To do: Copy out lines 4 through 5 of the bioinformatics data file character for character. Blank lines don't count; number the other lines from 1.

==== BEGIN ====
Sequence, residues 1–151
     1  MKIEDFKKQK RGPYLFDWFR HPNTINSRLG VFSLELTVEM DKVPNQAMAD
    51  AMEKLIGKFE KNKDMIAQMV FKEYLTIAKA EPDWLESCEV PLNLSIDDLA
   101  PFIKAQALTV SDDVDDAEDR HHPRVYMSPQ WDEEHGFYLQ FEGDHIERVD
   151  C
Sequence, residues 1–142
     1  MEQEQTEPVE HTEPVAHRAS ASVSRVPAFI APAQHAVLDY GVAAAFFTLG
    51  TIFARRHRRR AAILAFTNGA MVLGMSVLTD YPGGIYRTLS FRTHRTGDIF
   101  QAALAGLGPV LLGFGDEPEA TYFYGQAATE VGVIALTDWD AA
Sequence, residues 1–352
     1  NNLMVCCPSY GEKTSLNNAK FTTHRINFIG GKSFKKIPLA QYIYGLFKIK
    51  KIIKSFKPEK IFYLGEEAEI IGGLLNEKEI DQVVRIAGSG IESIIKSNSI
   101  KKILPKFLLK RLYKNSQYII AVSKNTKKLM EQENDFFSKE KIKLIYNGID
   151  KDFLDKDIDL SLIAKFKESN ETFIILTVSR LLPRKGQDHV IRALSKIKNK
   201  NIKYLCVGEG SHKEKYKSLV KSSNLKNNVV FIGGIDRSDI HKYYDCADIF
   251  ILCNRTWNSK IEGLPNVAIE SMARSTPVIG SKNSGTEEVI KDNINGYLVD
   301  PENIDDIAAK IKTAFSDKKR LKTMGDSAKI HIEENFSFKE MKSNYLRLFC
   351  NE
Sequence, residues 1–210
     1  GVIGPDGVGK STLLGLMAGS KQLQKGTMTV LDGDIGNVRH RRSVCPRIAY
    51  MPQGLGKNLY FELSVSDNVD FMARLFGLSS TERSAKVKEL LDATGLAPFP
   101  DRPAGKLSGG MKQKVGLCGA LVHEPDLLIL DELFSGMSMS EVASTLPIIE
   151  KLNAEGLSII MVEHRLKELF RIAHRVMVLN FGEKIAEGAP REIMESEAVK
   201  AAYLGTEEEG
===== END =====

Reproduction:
   101  PFIKAQALTV SDDVDDAEDR HHPRVYMSPQ WDEEHGFYLQ FEGDHIERVD
   151  C